Marx was particularly eager to expose the pseudo-socialist ideas of Jean Pierre Proudhon, then fashionable in France. Marx described “Proudhonist socialism,” in a February 1859 letter to Joseph Weydemeyer, as the wish to “retain private production while organizing the exchange of private products, to have commodities but not money,” insisting that “communism must above all rid itself of this ‘false brother.’” Marx even told Engels, in July of that year, that if he were to review Contribution the first point to emphasize would be that the book “extirpates Proudhonism root and branch.”

The way Marx uproots Proudhonism in Contribution, however, is not through a narrow polemic aimed at that ideological tendency alone, but rather by means of a scientific analysis of the commodity and money, which reveals their inseparability and how both forms characterize capitalism as one particular historical mode of production. So his analysis serves us equally well today in our own efforts to expose the fallacy of reformism in whatever shapes it may take.

The uncommon commodity
The term “commodity” is nearly synonymous with “product” these days, perhaps because we are so accustomed to the capitalist market economy. Yet Marx uses the term commodity in Contribution to refer specifically to products of labour that are produced for exchange, rather than to directly satisfy the material needs of the producers. As such, the commodity has both a use-value, as a thing that satisfies some human want, as well as an exchange-value, as something that brings to its owner money or another commodity of equal worth.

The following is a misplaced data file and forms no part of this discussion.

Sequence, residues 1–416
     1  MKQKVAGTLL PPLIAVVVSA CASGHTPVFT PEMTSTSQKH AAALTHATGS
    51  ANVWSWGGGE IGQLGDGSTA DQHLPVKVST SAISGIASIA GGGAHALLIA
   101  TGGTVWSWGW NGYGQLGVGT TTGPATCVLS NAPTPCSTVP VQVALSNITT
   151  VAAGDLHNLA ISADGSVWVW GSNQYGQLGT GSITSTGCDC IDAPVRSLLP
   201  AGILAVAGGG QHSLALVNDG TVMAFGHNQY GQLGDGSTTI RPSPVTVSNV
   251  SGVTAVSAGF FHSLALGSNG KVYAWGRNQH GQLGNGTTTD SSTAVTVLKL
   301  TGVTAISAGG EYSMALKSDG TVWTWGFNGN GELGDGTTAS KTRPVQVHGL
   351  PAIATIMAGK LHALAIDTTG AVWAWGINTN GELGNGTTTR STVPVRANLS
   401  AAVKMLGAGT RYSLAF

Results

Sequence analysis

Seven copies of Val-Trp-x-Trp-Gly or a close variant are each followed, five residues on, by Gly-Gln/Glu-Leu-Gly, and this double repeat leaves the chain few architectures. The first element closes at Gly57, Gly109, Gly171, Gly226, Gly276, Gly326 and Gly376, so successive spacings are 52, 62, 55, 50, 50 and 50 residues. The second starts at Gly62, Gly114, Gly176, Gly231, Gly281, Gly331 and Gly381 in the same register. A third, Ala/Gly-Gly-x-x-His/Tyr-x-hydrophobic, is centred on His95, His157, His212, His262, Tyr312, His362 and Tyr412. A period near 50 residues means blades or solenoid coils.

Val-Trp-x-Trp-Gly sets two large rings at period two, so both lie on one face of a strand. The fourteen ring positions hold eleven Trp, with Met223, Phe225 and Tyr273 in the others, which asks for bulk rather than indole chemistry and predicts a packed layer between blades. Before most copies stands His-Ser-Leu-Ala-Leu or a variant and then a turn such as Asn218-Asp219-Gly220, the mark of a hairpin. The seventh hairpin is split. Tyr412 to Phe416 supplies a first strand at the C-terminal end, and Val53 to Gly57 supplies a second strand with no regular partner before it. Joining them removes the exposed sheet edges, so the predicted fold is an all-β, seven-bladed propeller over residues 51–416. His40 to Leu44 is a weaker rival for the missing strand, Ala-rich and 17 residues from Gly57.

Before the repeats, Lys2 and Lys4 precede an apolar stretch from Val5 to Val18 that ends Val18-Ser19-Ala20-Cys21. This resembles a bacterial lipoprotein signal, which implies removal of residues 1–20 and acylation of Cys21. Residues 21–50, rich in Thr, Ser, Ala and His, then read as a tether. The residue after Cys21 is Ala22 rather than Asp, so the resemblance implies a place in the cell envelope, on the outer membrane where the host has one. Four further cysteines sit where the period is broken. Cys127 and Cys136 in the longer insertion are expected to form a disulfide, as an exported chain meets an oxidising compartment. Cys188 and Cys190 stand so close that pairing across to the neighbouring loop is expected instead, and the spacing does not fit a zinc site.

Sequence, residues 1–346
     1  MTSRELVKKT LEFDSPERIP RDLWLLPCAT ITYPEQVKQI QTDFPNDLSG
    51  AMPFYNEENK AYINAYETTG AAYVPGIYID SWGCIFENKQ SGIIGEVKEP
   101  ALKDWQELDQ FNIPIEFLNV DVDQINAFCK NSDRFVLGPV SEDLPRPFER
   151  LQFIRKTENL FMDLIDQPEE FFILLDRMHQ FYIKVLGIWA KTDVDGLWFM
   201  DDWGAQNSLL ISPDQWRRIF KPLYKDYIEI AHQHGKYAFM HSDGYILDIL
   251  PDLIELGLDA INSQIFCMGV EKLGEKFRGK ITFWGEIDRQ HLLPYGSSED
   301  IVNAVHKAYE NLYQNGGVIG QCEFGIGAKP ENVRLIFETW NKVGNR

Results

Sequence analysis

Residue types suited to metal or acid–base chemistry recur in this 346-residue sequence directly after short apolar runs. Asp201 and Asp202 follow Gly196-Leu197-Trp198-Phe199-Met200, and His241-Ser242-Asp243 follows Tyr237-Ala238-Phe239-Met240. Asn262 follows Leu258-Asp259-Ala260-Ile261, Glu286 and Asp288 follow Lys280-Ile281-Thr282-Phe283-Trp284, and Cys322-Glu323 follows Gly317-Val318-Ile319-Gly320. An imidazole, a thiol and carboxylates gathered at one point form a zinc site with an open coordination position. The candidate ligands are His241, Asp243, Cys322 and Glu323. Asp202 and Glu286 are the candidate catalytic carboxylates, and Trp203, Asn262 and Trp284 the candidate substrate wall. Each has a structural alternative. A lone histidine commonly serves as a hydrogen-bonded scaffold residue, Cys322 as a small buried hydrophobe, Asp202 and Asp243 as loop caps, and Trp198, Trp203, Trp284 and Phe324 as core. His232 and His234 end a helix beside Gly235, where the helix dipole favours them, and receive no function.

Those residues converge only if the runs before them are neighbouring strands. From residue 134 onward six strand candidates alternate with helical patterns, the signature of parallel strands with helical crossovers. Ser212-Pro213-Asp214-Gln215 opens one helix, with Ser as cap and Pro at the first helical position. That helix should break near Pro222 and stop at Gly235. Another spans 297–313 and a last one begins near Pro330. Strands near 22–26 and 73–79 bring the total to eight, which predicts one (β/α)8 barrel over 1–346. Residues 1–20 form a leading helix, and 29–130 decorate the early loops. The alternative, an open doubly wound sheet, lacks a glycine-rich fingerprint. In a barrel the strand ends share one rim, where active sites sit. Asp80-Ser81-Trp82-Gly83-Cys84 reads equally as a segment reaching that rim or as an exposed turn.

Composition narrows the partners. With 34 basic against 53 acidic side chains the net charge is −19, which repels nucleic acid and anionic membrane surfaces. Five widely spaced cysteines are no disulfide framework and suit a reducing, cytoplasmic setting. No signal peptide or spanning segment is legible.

Use-value pertains to the properties of any product of labour as a physical thing. So use-value is not the aspect which specifically characterizes the commodity.  From the taste of wheat,” Marx writes, “it is not possible to tell who produced it, a Russian serf, a French peasant or an English capitalist.” In any society, there is a need to produce useful things in order to satisfy human needs and sustain the society as a whole, but only under capitalism does the vast bulk of this material wealth take the form of commodities, as Marx points out in the first line of Contribution quoted earlier.